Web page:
Wednesday, June 22, 2011

exploring the garment district

To anyone who doesn't think shopping can be a form of exercise, you've never been downtown.

Today, I checked out the Metropolitan Museum of Art exhibit on Alexander McQueen : Savage Beauty.  I do not even have words for this - the music, the way the mannequins had their faces covered, the dark lighting - it almost moved me to tears.  If you have the opportunity to see this exhibit, please do.  I bought the book (I'm starting a nice collection of coffee table books now - this one, the wedding exhibit book ... ) and the book definitely does the exhibit justice.  The photographs are amazing. 

I was not able to take photos myself, but here are some I have found online:

The dress that was worn on a rotating floor and spray painted by automotive painting machines

 One of my favorites from the exhibit - the mannequin had a head so you could see the eerie way the collar was hiding it - amazing use of shape and distortion on the human body.

Impossibly inhuman and beyond beautiful.

 The infamous antler dress - a quote beneath it stated how Alexander and his team hated the process of poking the resin antlers through the $2,000 of lace material.  But the spontaneity was necessary!

From "Platos Atlantis", the jellyfish ensemble.  Seeing the details on this collection was amazing - the hexagonal beading was something you'd never find from runway photos.

 My number one favorite - if you have not seen the video of this collection, set up as an actual chess game, it will give you chills when you do.  A robotic voice commands the "pieces" (models) to move.  The collection is titled "It's Only a Game".

I also bought a small blank journal with his mirror-image snakeskin print on the front.  I am a sucker for anything I can write or draw in.  

Afterwards, I headed to the garment district in Manhattan - an area specializing in fabrics, trims, beads and garment supplies slightly less than a square mile.   This was terribly overwhelming - but in a nice way.  I picked up some silk charmeuse and crinkled chiffon swatches, and then went on a hunt for unique laces to use on a neckline or cuff and then some chiffons with subtle metallic brocading or textures.  I was in luck - after searching through just about the whole area, I went back to one of the first stores I had gone to called Lace Star (one of my favorites from the day - clean, large, polite) and found some interesting selections.  I also got to visit Mood (my absolute favorite) and chatted with a very kind employee.  I found the tailoring fabric I want to use in the fall (I will get it another day - my bag was already too heavy!)  There are also a million other wonders I want to go back for.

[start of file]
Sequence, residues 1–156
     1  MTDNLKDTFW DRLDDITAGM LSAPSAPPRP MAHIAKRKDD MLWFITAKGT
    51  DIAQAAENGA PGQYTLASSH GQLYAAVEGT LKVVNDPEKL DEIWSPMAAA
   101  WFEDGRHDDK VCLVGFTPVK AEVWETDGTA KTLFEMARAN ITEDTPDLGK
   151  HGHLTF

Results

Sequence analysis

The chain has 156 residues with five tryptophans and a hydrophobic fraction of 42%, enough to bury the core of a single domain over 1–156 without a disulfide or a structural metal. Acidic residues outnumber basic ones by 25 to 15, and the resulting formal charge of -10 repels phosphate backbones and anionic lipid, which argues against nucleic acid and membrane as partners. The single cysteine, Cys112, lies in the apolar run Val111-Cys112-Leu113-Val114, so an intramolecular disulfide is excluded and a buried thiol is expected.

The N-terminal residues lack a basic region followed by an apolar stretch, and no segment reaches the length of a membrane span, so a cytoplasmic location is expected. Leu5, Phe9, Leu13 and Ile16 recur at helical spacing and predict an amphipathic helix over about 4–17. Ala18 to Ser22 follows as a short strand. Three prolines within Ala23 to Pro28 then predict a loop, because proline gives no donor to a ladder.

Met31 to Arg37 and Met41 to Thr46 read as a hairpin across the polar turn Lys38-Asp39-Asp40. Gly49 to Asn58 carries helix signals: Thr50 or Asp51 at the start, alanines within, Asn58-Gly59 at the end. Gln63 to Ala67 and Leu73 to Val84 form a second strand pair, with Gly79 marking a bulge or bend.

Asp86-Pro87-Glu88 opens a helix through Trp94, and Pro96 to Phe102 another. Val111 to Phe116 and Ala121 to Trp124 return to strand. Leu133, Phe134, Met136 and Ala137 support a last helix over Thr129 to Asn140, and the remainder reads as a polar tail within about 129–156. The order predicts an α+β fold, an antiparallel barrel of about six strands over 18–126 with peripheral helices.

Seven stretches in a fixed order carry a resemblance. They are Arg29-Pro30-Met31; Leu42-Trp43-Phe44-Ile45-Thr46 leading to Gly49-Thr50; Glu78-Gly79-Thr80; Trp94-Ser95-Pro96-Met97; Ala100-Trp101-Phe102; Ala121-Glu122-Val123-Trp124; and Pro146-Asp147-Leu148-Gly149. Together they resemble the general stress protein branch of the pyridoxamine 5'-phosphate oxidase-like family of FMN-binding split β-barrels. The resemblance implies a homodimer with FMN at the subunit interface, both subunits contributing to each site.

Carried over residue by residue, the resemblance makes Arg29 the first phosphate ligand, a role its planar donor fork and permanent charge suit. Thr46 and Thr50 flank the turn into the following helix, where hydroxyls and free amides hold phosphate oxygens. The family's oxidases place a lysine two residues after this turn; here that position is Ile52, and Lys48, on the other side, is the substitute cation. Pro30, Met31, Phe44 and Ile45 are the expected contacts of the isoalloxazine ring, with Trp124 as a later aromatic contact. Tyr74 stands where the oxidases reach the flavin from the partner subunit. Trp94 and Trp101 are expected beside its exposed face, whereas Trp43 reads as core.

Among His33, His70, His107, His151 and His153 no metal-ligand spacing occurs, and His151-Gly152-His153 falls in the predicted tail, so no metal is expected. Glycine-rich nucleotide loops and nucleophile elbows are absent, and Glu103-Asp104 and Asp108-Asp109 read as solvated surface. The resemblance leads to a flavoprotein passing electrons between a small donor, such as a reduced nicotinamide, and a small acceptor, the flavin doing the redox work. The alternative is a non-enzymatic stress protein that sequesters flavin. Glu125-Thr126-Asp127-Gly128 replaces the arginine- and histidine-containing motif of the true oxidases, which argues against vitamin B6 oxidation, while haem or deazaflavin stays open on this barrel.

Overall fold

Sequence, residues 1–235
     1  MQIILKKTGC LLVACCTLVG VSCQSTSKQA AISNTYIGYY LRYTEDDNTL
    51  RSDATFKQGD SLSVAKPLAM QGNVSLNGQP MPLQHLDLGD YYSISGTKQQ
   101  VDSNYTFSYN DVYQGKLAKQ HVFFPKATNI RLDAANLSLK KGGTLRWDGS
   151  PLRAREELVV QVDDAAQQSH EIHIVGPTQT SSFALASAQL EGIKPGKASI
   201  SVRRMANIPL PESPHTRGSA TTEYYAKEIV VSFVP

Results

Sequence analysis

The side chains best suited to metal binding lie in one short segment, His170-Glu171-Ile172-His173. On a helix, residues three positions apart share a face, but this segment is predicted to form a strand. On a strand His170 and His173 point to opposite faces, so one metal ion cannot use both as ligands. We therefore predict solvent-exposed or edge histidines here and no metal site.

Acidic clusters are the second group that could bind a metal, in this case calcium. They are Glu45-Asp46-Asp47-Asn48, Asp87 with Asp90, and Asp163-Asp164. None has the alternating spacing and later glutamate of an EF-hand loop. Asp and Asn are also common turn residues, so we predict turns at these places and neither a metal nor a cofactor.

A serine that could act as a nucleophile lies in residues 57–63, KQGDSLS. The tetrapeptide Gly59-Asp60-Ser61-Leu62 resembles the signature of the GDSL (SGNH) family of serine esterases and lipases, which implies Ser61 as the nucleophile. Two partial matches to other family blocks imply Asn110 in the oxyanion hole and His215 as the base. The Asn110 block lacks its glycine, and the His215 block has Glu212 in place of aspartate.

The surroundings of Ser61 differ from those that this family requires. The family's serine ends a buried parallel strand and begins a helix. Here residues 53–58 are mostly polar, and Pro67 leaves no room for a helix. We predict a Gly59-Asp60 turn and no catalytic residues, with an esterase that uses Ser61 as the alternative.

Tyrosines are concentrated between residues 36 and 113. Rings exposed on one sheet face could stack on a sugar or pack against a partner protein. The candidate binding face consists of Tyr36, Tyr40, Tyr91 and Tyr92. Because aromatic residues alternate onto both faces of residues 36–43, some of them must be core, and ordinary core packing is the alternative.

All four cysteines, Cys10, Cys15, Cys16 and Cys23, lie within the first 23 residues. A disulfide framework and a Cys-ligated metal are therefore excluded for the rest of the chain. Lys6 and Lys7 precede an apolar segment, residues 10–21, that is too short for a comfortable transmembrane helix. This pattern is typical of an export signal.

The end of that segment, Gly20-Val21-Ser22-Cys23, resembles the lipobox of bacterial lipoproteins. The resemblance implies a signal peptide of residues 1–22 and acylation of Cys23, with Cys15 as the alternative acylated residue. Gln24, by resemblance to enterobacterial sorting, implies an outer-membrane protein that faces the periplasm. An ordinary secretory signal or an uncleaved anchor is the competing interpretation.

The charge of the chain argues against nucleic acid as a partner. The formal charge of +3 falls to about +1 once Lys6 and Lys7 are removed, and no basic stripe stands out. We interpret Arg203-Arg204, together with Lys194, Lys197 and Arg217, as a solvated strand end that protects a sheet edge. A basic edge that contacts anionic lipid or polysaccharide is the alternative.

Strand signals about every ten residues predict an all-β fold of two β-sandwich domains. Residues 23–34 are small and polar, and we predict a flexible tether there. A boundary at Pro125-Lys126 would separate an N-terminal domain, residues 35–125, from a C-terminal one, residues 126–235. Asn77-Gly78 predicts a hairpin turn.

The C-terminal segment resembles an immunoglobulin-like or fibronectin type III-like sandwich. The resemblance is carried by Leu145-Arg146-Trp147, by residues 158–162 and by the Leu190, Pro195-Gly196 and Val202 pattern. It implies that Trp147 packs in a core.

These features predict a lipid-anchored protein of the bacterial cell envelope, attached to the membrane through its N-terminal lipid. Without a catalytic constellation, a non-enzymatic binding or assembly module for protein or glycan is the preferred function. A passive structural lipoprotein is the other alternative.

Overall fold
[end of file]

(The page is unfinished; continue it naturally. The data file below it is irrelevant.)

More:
I did buy a couple things in addition to the swatches I collected - in a ribbon store called Shindo I bought some elasticized ribbon (picture what bra straps are made of) to go with my lace tee I'm knitting (there is to be a ribbon in the back, but I wanted the elastic); so that is in a metallic charcoal, then I also bought some in a pale lilac.  I also bought a silk waxed thread used for hand stitching, good for its strength and lack of tangling. 

Onto the pictures!

 Inside of Lace Star

My dinner!


  1. Wow, I watched the McQueen chess game video! I think it's cute that it was inspired by Harry Potter (as well as 18th century fashion). The checkmate was so epic.

  2. Rachel you seem to be having the best internship ever! The exhibition looks absolutely AMAZING. There is something about his designs which proves to the world how fashion shouldn't be such just as an industry - but as an art form. The creativity, time, effort and sheer skill that his gone into his work is staggering.


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